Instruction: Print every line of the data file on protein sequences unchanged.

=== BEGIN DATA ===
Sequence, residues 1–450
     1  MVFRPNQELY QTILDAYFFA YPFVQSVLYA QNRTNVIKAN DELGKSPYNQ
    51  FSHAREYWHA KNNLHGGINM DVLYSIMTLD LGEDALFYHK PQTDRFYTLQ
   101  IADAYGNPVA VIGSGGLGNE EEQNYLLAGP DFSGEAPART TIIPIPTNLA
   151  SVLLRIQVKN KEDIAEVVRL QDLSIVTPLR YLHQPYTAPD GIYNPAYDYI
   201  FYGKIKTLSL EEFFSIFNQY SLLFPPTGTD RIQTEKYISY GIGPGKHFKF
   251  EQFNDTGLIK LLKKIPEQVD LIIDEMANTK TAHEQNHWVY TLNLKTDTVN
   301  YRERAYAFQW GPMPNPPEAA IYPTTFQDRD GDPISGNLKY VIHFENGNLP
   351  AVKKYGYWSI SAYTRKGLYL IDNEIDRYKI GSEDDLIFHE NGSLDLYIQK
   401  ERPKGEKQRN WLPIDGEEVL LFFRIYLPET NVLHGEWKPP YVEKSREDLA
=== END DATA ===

Sequence, residues 1–450
     1  MVFRPNQELY QTILDAYFFA YPFVQSVLYA QNRTNVIKAN DELGKSPYNQ
    51  FSHAREYWHA KNNLHGGINM DVLYSIMTLD LGEDALFYHK PQTDRFYTLQ
   101  IADAYGNPVA VIGSGGLGNE EEQNYLLAGP DFSGEAPART TIIPIPTNLA
   151  SVLLRIQVKN KEDIAEVVRL QDLSIVTPLR YLHQPYTAPD GIYNPAYDYI
   201  FYGKIKTLSL EEFFSIFNQY SLLFPPTGTD RIQTEKYISY GIGPGKHFKF
   251  EQFNDTGLIK LLKKIPEQVD LIIDEMANTK TAHEQNHWVY TLNLKTDTVN
   301  YRERAYAFQW GPMPNPPEAA IYPTTFQDRD GDPISGNLKY VIHFENGNLP
   351  AVKKYGYWSI SAYTRKGLYL IDNEIDRYKI GSEDDLIFHE NGSLDLYIQK
   401  ERPKGEKQRN WLPIDGEEVL LFFRIYLPET NVLHGEWKPP YVEKSREDLA